I’m considering an attempt at a full on ink-blog style post ala Sumocat or Stevieblue.  I find it much more interesting to write by hand than to type out at the keyboard.  It’s good to feel the pen and form the letters.  And how much opportunity do we get to write things by hand anymore in this world of computers? 

Friday, October 15, 2010

Why all students need a real tablet

By real, I mean one with an active digitizer, and a pen.  One that prioritizes handwriting over multitouch party tricks.  Not that pinching to zoom isn’t useful, but these new tablets are all about the flashy side of touch and consuming media, rather than harnessing the power of the pen for content creation.

A recent Wall Street Journal article that was covered by several blogs in my google feed, confirms what we all really already knew.  Handwriting trumps typing for memory and cognition.  Duh.  Taking the time to form the letters by hand will cause what you write to stick in your head way better than just pushing buttons on a keyboard.  As a kinesthetic learner, this makes a big difference to me.  My method of preparing for a mid-term or final in college was to sort through my daily notes from lectures and re-write them by topic.  Just re-reading my notes didn’t get me anywhere, it was re-writing them that did it.  Of course, not everyone is a kinesthetic learner, so not everyone will get the same benefit, but everyone can benefit from the physical action of forming letters.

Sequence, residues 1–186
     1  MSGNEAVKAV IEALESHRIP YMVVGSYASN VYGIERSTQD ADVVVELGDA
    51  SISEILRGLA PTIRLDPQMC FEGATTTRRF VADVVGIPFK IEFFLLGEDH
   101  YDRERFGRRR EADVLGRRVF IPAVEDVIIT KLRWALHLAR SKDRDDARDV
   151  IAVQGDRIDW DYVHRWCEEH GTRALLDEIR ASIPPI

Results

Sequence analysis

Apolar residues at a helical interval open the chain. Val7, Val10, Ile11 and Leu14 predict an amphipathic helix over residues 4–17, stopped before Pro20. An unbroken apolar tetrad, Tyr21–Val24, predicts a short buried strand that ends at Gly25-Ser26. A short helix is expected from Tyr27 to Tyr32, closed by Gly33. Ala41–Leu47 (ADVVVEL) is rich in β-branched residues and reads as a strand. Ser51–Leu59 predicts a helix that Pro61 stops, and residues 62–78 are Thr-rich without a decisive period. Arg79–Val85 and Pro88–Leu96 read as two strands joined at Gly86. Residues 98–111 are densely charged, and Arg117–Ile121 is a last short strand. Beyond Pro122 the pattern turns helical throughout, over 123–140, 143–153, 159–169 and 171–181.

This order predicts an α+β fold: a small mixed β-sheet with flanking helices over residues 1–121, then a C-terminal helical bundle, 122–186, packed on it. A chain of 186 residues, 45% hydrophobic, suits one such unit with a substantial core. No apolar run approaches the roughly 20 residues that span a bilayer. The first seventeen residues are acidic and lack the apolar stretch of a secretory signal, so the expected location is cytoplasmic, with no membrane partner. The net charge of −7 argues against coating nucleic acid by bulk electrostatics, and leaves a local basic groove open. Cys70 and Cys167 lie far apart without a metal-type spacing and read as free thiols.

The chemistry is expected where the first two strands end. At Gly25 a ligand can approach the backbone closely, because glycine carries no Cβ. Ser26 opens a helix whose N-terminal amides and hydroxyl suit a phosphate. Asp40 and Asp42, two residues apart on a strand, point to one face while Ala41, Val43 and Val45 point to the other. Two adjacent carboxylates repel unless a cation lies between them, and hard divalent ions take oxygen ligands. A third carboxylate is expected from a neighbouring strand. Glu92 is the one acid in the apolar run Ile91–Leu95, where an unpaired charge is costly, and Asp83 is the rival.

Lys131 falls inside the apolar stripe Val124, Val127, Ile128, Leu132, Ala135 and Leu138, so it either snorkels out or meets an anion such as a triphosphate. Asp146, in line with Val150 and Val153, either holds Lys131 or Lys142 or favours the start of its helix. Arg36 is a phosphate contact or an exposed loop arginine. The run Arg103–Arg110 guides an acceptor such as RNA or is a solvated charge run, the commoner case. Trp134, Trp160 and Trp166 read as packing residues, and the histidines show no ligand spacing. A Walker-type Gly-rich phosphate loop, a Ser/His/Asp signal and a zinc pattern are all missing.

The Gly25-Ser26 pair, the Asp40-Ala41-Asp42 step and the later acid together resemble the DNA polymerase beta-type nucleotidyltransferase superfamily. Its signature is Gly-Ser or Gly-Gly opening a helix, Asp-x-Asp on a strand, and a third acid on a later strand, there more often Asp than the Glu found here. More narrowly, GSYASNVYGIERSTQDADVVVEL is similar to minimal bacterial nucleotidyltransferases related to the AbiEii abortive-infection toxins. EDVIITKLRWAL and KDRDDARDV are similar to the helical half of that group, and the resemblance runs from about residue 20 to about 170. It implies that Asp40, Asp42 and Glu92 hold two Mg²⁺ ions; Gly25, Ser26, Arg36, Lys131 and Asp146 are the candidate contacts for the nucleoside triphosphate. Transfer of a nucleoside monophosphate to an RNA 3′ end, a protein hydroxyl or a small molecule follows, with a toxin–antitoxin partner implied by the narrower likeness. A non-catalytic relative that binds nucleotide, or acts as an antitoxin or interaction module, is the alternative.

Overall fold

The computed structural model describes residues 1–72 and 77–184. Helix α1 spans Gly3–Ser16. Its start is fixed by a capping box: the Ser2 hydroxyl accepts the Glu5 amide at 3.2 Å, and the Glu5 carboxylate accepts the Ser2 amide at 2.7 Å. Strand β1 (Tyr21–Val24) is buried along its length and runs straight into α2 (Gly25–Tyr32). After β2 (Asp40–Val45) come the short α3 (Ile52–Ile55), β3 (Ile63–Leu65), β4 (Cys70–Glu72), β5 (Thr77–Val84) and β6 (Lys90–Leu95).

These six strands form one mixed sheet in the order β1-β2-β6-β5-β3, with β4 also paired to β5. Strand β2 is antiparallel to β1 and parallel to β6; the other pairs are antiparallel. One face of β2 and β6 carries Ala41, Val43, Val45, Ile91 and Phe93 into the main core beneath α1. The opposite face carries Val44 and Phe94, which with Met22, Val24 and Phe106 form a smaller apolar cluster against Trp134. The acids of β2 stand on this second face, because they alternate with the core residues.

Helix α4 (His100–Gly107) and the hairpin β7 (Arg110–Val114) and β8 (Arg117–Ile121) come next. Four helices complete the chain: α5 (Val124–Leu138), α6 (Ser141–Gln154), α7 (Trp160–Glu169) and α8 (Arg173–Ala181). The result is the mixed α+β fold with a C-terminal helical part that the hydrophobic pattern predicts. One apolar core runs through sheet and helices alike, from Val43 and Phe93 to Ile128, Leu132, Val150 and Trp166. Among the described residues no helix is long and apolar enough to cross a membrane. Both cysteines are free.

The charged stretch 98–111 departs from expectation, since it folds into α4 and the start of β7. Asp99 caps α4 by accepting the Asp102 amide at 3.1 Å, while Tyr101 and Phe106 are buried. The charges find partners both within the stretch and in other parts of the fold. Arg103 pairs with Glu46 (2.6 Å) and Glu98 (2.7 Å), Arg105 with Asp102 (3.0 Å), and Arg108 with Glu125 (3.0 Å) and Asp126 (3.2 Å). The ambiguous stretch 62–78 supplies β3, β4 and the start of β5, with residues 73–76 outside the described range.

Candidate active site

So why don’t schools give out tablets?  What good are netbooks and macbooks?  Or even iPads and slates with capacitive screens.  Sure the reviewers all love them for their responsiveness.  They open a web browser and zoom with two fingers, or spin and resize photos, and then ooh and ah over how slick and responsive it is.  But how does that help anyone learn?  Intel came close with the convertible classmate tablet, but still no active digitizer.  Okay, maybe they’re more expensive to build in, and you have to deal with kids losing pens, but resistive and capacitive screens even with styluses don’t even come close to a normal writing experience.  If you can’t lay your hand down and just write, without worrying about selecting things, or generating extra ink, or having the computer think you really want to zoom, it’s no good.  Inking on a tablet with an active digitizer is, for me at least, no different than writing on paper.